As attachment is the theory of the existence of an invisible bond and therefore unobservable studies look at attachment behaviours, all the skills a child uses to keep someone they are attached to close by for example, smiling and crying. Other studies look at the behaviour children display when their attachment figure leaves their sight or their behaviour when their attachment figure returns.

The attachment behaviour patterns can be seen to develop in stages. The first stage around three months of age consists of ‘proximity promoting’ behaviour to keep its carer close-by. From three months to around six months the infant begins to responds to the carer that looks after them most for example giving them more smiles. After six or seven months of age a bond between the child and the main care giver can be seen to have formed as the child will get upset if their main care giver is out of sight. During this phase a child may also display a fear of strangers for the first time. The infant uses this person as a safe base from which to explore their environment and this is seen as proximity promoting giving way to proximity seeking.

As speech and awareness develops the fourth stage is entered and the interaction between the child and the main caregiver becomes more complex this is thought to reinforce and maintain the developing attachment. It was Bowlby’s belief that if an attachment was interrupted during this stage or the attachment broken then the child’s ability to form attachments would be irretrievably damaged and behavioural problems would occur.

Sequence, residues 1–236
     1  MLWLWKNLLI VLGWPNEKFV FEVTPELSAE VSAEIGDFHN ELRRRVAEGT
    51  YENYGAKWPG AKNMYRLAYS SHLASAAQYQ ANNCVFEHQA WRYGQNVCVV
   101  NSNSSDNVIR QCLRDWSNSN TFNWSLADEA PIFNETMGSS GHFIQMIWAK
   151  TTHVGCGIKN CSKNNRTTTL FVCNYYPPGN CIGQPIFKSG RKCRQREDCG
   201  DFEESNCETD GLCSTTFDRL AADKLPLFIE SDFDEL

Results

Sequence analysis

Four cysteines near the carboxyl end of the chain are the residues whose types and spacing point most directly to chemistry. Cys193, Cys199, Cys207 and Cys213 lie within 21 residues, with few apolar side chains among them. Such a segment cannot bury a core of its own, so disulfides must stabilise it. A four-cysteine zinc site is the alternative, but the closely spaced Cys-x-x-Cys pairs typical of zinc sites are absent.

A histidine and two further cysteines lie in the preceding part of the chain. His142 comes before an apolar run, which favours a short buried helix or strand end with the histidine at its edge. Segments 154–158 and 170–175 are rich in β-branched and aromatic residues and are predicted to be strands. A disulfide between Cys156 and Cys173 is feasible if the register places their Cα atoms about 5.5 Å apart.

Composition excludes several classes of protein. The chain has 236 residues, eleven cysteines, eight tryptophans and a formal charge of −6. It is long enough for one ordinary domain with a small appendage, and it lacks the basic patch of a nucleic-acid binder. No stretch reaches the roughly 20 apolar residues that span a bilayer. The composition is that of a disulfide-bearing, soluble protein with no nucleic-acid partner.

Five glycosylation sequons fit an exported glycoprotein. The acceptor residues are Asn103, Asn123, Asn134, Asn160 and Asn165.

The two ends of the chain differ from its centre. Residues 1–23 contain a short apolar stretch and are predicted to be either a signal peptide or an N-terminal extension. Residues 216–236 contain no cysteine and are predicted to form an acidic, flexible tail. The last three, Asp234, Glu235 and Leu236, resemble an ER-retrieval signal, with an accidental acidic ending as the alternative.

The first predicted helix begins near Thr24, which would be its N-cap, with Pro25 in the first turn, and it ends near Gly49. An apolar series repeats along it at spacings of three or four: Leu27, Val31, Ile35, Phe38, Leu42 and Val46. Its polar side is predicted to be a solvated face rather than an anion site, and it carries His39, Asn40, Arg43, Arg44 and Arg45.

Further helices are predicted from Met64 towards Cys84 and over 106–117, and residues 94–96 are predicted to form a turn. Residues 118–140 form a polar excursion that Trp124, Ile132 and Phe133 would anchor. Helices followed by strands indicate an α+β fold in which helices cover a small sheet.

Criticisms were levelled at Bowlby’s theories due to his ideas stemming from work he had undertaken with juvenile delinquents that had been separated early in life from their mothers as being unrepresentative of the general population, and too small a sample. It was also argued that not all maternally deprived children became juvenile delinquents. But in agreement with Bowlby, Stroufe (1979) stated that “we cannot assume that early experiences will somehow be cancelled out by later experiences. Lasting consequences of early inadequate experiences may be subtle and complex” Bowlby came from a psycho-dynamic background of psychology which itself emphasises early experiences and relationships as being crucial to adult well-being, many critics therefore felt his studies were consequently biased and other factors such as environmental may have been overlooked.